“No! Really? Are you sure you were at The Church of Scotland Muriel? It does not sound quite right. Don’t tell me we are going to be allowed to hang washing out on a Sunday?”

Prof. sir Boozey Hawkes, the musical expert

“Don’t be silly – I said more laughter, not heresy. However, I do have the latest intelligence on the pepping things up front. It seems, and you are the first to hear this, that Professor Sir Boozy Hawkes of the very good varsity here in Glasgow has been appointed as the new organist.”

“No!”

“Yes.”

“Oh my goodness. I must get there early. I will have to get something new to wear, too thrilling.”

“It seems we live in interesting times girls. At least we have something to look forward to after all this awful snow and the dreadful news since Christmas.”

“Do you mean Muriel, Mr Jo Grimond’s announcement that the Liberal Party will at the next General Election exceed all expectations and perform better than it has during the last 30 years?”

A Tragedy in Munich and Murders in Glasgow

“I am not talking comedy, Lottie. I was referring to the dreadful air crash at Munich with the football team.  Actually I was listening to the news on the wireless before I came out and it seems there has been no change in the condition of Duncan Edwards or Captain Kenneth Rayment, the co-pilot of the B.E.A. Elizabethan Aircraft. Mrs Busby says her husband does not yet know the full extent of the tragedy that has hit his team, Manchester United. I got in touch with that stewardess I know who used to fly from Glasgow before she married and had a baby. Apparently her husband was almost on that flight and the poor steward, Tom Cable, occasionally babysat for them. Her husband, Jim, swopped flights as Tom was a Manchester United supporter.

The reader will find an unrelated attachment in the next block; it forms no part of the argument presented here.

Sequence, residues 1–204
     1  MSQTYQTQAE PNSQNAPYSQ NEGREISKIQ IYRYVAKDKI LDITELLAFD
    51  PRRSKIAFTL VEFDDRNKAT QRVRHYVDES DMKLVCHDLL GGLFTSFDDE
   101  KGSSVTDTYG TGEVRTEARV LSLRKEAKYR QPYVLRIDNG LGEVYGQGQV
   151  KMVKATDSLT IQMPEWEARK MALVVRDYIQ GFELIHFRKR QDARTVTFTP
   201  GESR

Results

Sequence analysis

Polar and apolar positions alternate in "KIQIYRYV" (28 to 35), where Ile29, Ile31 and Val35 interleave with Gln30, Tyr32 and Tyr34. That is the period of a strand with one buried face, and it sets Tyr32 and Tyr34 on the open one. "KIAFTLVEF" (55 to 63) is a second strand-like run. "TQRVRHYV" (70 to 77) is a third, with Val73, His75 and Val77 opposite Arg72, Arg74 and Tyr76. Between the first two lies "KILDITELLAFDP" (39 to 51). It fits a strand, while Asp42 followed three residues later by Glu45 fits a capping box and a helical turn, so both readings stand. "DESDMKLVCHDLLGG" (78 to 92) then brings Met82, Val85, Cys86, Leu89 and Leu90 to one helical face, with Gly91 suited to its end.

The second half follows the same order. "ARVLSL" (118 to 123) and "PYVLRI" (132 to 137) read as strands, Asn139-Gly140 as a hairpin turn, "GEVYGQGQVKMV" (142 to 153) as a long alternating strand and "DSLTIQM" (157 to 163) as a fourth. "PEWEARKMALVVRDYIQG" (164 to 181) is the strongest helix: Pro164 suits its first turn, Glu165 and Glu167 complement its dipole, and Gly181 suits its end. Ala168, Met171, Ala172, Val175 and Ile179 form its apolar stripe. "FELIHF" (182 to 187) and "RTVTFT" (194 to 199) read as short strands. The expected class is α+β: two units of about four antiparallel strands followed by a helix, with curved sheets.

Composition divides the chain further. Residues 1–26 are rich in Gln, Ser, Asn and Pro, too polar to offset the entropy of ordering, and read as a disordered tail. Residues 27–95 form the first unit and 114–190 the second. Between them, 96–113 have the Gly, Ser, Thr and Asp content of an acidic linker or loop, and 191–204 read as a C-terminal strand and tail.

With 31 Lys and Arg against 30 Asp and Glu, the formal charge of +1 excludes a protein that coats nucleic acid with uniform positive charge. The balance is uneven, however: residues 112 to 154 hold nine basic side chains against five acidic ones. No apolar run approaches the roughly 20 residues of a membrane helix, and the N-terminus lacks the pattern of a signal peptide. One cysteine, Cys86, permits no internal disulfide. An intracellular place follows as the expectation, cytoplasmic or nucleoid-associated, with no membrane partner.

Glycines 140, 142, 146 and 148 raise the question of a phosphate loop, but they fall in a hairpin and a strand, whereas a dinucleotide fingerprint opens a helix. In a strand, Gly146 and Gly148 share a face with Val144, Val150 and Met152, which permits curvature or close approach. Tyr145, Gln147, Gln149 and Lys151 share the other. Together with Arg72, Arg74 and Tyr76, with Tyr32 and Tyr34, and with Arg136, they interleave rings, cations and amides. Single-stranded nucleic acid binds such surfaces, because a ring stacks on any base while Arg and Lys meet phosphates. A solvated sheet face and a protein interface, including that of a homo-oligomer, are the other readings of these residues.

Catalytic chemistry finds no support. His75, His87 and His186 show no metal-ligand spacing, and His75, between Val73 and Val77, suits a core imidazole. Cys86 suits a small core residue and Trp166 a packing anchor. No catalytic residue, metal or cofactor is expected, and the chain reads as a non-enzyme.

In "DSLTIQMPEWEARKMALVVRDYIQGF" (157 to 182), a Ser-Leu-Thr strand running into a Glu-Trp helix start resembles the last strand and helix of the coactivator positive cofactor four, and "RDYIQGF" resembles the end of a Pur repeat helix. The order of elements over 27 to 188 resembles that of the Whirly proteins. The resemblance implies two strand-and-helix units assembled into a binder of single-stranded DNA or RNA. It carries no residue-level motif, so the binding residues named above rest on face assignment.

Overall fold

Of course the stewardesses were her good friends, both seem to be off the critical list now, and she and the Captain once went to La Bohème in Rome together. Both she and her husband have been on that aircraft Lord Burghley many times. So sad.

As if this was not bad enough now we have all that dreadful business with Peter Manuel. He faces 9 charges of murder and is awaiting trial in Barlinnie Prison.”

Fatally Injured in a Kitchenette

“Awful – too awful for words. Muriel I am quite sure he was once at my door selling encyclopaedias. Talking of terrible things, and you know me – not one do dwell on the macabre – did you hear about the woman who was shot in Manse Road, Wishaw? This Mrs Marjorie Livingstone is, or was I should say, the wife of Dr Livingstone, the Medical Officer with Lanark County Council. She was fatally injured on Saturday when a gun was being cleaned by Dr Livingstone and it went off accidentally in the kitchenette of their bungalow.”

“Too terrible Lottie. Now there are several things that make me uneasy about this story. Firstly a doctor with a gun, they are bad enough with stethoscopes. Secondly a doctor who has “a kitchenette” – he must be National Health doctor. And thirdly a doctor who lives in a bungalow – it does not inspire confidence. Well perhaps a fourth, Wishaw – now really Wishaw, what can one say, except where is that? There are all the ingredients of a mishap here, even without the gun.”

“Muriel, don’t be mean. We all know how you feel about bungalows but some of us, you know, make our livings from them possibly, even that one.”

“Sorry Lottie, but really would you live in one?”

“Certainly not!”

“Excuse me..”

“Yes Cynthia, what is it?”